Who'd have thought it? That the scrawny bloke who spat fire and brimstone in seedy London clubs during the late '70s would now be a contender in the Frank Sinatra stakes?
Elvis Costello didn't so much play a gig as stage a spectacle. True to his mischievous nature, he chose the home of classical music — the majestic Royal Albert Hall. And as if that wasn't enough, he hired the Royal Philharmonic Orchestra for the night with their penguin suits and professional polish. After an hour from E.C. and the Attractions (joined by pedal steel guitarist John McFee), the two mighty forces came together.
Their early efforts betrayed the fact that they had only practised for eight hours. Following a shaky "Shot With His Own Gun" and a jaunty "Accidents Will Happen," the Phils fluffed the intro on "Sweet Dreams." Elvis cracked a smile and quipped: "And then again it could sound like this!"
The mating wasn't a complete success. Sometimes the orchestra decorated the song like a Christmas tree — lots of gaudy knickknacks that added nothing of any value. But at other times (as with "Watching The Detectives") the song was transformed. Costello's words were given a suitably chilly feel.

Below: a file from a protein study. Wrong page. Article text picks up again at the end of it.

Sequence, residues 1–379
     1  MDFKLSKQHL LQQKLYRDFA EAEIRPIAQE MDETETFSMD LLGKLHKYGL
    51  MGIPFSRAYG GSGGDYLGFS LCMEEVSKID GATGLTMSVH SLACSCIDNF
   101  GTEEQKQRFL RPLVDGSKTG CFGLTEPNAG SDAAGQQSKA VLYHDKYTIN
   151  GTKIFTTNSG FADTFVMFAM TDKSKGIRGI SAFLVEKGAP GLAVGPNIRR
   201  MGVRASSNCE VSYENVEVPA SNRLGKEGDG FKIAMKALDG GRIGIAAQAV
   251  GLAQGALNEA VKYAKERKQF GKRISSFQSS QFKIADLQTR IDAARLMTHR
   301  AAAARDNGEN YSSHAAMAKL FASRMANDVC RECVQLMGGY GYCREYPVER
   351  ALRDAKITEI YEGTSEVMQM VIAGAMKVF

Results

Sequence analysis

The material came largely from the Almost Blue and Trust albums with a smattering of new items like the scalpel-edged "Town Crier." The other big difference was El's voice. He has learnt how to sing and yo-yoed his vocal chords with a dexterity that the Las Vegas crooners would give their cummerbunds for. His versions of "Clowntime Is Over" and "Just A Memory" were epic.
Finishing on "(What's So Funny 'Bout) Peace, Love And Understanding." the audience then demanded more. Elvis, his grey zoot suit now a tad sweaty, bounced back on and shouted: "We simply don't know anymore."
Seems he was right.